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Daily Digest: The Bloggers at Night Are Big and Bright...

BY Nancy Scola | Friday, July 18 2008

The Web on the Candidates

  • The Heritage Foundation's Rob Bluey laments that being a conservative at a tech/politics gatherings is "too often...quite lonely." But this week, at least, Rob will have some company. As we type, Austin, Texas, is playing host to not one, but two, blogger conferences: the left's Netroots Nation and the right's RightOnline Summit. Jose Antonio Vargas has a terrific profile of the two events. Jose rightly points out that, with some 2,500 attendees, Netroots Nation is about five times the size of RightOnline; it also has attracted about six times the credentialed press. Another sign of the distance the right still has to travel online is that while the big names at its event belong mostly to pundits, Netroots Nation boasts more or less a who's who of the Democratic Party leadership. The New York Times' Caucus blog has more on the dueling bloggers' conventions and the Wall Street Journal covers Netroots Nation. It's pretty clever: with Netroots Nation in the news this week, would the press be writing about the RightOnline if not for the fact that it's happening 12 miles down the road? Who's to say.

  • Why Get on a Plane?, Part I: Now that Twitter has acquired Summize, it's easy peasey to follow the action down in Texas; just track the hashtags #rton08 and #nn08. Alternatively, check out TheRightTweets.com and the Huffington Post's Netroots Nation-dominated Twitter page. Both mark the new use of tied-together tweets function as crude group blogs -- albeit group blogs with very, very short posts.

  • Why Get on a Plane?, Part II (at least as far as Netroots Nation goes): The Talking Points Memo video team is prowling around the Austin Convention Center and has already logged interviews with General Wes Clark on NATO's role in Afghanistan and DNC chair Howard Dean on the non-ATMness of the Internet.

  • A look at Barack Obama's schedule for June suggests that his $52 million haul that month might mark a shift from online to in-person fundraising.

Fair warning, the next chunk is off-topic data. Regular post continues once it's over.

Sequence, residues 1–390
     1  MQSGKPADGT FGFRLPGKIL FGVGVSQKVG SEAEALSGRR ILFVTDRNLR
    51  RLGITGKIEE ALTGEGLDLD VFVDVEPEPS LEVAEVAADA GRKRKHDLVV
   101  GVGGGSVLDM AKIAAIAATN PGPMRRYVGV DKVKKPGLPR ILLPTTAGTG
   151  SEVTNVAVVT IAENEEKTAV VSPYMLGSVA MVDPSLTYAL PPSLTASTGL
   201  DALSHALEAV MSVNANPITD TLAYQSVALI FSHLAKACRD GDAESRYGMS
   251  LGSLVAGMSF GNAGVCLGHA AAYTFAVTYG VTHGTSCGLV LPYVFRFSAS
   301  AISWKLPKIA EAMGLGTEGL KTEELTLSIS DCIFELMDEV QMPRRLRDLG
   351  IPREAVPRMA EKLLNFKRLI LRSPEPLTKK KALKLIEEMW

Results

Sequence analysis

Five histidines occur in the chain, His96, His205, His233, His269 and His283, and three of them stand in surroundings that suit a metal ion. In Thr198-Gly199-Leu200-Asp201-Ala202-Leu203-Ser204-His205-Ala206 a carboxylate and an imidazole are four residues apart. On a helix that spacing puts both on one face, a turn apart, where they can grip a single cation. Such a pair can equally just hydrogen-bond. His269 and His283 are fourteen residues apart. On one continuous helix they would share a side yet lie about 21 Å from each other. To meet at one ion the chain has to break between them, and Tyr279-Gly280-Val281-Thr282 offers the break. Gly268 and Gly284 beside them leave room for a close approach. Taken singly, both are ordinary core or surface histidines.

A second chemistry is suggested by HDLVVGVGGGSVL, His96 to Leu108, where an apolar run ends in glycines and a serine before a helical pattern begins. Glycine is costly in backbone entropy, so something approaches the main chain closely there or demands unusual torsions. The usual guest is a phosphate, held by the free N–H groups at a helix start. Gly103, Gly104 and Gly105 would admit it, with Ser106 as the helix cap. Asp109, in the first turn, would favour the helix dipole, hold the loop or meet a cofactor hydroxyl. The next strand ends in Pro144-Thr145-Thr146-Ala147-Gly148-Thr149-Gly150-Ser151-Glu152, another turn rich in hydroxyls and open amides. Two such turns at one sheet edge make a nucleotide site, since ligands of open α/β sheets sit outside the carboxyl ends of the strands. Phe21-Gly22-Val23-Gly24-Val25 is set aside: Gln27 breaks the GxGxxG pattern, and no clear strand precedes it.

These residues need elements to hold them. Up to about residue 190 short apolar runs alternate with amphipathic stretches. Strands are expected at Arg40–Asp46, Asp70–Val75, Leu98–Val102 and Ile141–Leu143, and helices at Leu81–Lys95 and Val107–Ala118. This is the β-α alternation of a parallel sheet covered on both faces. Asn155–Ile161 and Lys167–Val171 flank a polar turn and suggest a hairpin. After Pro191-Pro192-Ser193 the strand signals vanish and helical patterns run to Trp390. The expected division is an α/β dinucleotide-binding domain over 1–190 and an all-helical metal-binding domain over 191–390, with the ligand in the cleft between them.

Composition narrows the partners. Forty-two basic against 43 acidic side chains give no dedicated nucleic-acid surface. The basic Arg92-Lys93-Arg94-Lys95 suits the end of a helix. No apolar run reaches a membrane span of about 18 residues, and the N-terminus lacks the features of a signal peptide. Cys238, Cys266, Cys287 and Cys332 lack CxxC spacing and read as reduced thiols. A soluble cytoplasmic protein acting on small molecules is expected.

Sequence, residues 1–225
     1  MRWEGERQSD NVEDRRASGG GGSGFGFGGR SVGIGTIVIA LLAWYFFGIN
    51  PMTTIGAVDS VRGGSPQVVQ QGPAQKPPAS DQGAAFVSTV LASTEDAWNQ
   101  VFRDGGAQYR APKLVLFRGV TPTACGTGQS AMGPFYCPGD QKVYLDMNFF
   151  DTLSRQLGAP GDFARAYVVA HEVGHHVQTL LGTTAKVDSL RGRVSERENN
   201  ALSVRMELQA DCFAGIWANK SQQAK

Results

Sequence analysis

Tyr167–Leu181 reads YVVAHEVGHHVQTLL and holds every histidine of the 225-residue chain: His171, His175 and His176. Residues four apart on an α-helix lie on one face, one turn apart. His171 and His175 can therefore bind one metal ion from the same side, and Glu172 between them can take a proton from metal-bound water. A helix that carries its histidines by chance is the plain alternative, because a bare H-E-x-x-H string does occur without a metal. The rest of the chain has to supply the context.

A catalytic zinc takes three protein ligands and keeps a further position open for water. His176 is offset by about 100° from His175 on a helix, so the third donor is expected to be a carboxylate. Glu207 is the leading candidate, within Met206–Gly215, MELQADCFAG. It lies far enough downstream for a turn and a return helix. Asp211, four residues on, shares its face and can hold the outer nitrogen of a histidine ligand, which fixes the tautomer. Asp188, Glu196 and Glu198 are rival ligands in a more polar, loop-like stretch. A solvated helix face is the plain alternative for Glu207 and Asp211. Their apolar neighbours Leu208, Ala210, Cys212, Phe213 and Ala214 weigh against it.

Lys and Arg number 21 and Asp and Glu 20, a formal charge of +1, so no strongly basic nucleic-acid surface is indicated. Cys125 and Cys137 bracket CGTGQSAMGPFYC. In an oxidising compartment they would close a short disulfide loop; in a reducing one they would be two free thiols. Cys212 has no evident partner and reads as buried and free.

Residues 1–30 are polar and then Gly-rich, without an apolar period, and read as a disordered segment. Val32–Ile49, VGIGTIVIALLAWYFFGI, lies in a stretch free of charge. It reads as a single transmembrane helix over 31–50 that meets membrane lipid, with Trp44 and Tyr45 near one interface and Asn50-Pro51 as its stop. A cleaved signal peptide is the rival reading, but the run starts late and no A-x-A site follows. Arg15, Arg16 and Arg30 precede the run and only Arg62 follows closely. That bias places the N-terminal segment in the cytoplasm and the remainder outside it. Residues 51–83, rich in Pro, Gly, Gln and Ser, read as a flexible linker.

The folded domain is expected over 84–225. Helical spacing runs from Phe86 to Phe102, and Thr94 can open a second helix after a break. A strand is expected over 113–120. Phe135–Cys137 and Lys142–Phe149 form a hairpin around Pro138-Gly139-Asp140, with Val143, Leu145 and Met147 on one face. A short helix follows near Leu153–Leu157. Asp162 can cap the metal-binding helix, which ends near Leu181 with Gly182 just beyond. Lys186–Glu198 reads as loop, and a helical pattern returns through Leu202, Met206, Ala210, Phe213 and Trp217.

The Candidates on the Web

  • Do site stats tell us that John McCain is newly attracting the attention of supporters of Mitt Romney and Mike Huckabee, two candidates popular with the GOP's more conservative wings during the primaries?

  • The RNC is telling Cafe Press to quit printing up keyrings and t-shirts featuring the GOP elephant.

  • The guiding vision for John McCain's acceptance speech in Minneapolis-St. Paul this fall, according to the New Republic's Michael Crowley, is to offer an alternative to Obama's "narcissistic world of Facebook and YouTube and Scarlett Johansson."The goal, interprets Newsweek's Andrew Romano, is to frame Obama as a millennial. But you know who's also into all that fuzzy-wuzzy social media stuff? The Army, which, reports Wired's David Axe, recently added blogging to their graduate school curriculum.

TechCongress and Beyond

  • The Next Right profiles three Republican congressional candidates successfully experimenting online. Check out the beautifully-produced IAmNotaPolitician.com, from Illinoisan Marty Ozinga, the owner of a concrete business now running for Congress. Also worth a look: Warner Wire, a news aggregator-style site dedicated to Democrat Mark Warner's campaign to become the next senator from Virginia. (Disclosure: This writer once worked for Warner as he explored a presidential run.)

  • Nation fellow Amy Alexander explores the color line online.

  • Why Tuesday? -- the effort to fix our farblunget voting system, starting by moving elections to a more sensible day of the week -- has recruited New York Democratic Rep. Steve Israel to serve as a correspondent. Equipped with a Flip video camera, Steve promptly began quizzing tourists, staffers, and fellow members of Congress. The move was picked up by Newsday, Israel's local paper. Steve, the author of the Weekend Voting Act, breaks the issue down for newbies: "When I came to Washington, I thought there was a good reason to vote on Tuesday. There's not."

  • After Boing Boing posted a link to an xkcd-style web comic from Sean Tevis, a candidate for Kansas state house, his fundraising took off. According to Tevis, the fact that more than 4,000 people donated pretty much sextuples the record for donations for state rep race in the Sunflower State.

In Case You Missed It...

Armed with his trusty Nokia N95, Micah Sifry is broadcasting live from Netroots Nation. Ping him via Twitter at @mlsif if there's something in particular you'd like him to capture.